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The fight against poverty depends on economic freedom

Montreal, October 25, 2018 – Provincial and federal elections always bring with them a whole slew of promises. Inevitably, the various political parties propose to further intervene in the economy and in people’s lives. However, a publication launched today by the MEI shows, evidence in hand, that the wealth of a nation depends instead on less government intervention and more economic freedom.

Recent history thus shows that countries with more economic freedom experience more growth, which is to say incomes and consumption levels that are high or growing for most of the population. In contrast, the least free countries sometimes don’t grow at all.

“The two Koreas provide a telling example. They shared the same culture and were at roughly the same level of development when they separated in 1948. But they subsequently followed very different paths: a good measure of economic freedom in the South, and none in the North. We know the result. GDP per capita in the South is now 20 times higher than in the North!” points out Pierre Lemieux, author of the publication.

Economic growth is not a matter of natural resources, but rather of good institutions—including the rule of law, private property, and economic freedom—insists Mr. Lemieux. “We see it in Hong Kong, a tiny, resource-poor country that nonetheless ranks as the economically freest in the world. Thanks to this economic freedom, Hong Kong’s GDP per capita had reached 108% of the Canadian level in 1997, whereas it was just 33% in 1950,” explains Mr. Lemieux.

For several decades now, many governments of poor countries have allowed greater economic freedom, helping billions of human beings escape poverty. As a result, between 1981 and 2015, the proportion of the world population living in extreme poverty (on less than $1.90 a day) fell from 42% to 10%. “This contrasts sharply with the disaster taking place right now in Venezuela, where the government tries to control everything,” adds Mr. Lemieux.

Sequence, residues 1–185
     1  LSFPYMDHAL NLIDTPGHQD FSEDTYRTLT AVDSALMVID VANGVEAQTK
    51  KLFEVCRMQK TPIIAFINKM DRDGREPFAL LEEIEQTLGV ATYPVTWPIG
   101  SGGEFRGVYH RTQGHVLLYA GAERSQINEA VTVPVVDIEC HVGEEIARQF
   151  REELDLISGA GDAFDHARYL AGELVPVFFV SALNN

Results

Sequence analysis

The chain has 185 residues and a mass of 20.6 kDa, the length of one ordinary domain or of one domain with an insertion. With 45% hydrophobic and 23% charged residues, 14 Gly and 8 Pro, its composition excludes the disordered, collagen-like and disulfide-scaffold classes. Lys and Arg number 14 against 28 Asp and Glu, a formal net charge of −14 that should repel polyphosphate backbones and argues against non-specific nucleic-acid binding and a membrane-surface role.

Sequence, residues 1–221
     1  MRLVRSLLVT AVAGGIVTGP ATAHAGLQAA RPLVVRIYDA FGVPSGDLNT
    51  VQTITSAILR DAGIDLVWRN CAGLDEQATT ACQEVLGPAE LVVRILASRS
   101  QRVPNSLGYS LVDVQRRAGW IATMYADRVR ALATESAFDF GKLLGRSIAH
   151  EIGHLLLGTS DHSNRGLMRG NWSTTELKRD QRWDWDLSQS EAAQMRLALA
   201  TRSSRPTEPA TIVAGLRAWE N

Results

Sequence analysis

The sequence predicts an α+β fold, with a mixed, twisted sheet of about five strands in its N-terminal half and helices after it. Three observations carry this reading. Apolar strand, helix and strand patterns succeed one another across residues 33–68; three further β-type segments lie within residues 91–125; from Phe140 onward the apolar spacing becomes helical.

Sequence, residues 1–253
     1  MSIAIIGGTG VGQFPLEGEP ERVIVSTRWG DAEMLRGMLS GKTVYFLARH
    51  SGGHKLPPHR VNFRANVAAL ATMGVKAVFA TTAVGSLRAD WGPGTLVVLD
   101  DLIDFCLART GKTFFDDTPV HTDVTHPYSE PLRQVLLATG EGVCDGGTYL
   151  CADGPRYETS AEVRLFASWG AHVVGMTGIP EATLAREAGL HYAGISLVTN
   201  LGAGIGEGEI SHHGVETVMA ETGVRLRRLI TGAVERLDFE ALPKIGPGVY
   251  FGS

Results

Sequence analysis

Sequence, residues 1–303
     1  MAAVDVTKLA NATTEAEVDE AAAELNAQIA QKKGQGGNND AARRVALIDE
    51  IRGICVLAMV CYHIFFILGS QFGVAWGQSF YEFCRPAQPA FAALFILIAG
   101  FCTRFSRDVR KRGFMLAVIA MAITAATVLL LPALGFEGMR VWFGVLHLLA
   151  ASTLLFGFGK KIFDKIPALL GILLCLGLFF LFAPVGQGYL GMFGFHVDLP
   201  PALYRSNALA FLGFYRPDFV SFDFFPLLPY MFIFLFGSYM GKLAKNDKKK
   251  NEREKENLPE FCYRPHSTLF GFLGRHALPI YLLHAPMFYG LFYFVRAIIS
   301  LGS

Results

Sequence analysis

The publication also notes that certain government interventions can actually lead to growing inequality, like anticompetitive privileges (including protectionist barriers and the excessive protection of intellectual property) and subsidies to corporations. Such interventions, often called “crony capitalism,” mainly benefit the rich.

“More economic freedom is morally defensible and economically beneficial for the vast majority of individuals. Public policy should thus be based on a strong presumption in favour of economic freedom. Indeed, citizens would benefit if politicians promised more economic freedom and less government intervention, instead of doing the opposite,” concludes Michel Kelly-Gagnon, President and CEO of the MEI.

The Economic Note entitled “What Are the Benefits of Economic Freedom?” was prepared by Pierre Lemieux, Senior Fellow at the MEI, in collaboration with Alexandre Moreau, Public Policy Analyst at the MEI. This publication is available on our website.

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The MEI is an independent public policy think tank. Through its publications and media appearances, the MEI stimulates debate on public policies in Quebec and across Canada by proposing reforms based on market principles and entrepreneurship.


Interview requests: Pascale Déry, Vice President, Communications and Development, MEI. Tel.: 514-273-0969 ext. 2233 / Cell: 514-502-6757 / E-mail: pdery@iedm.org

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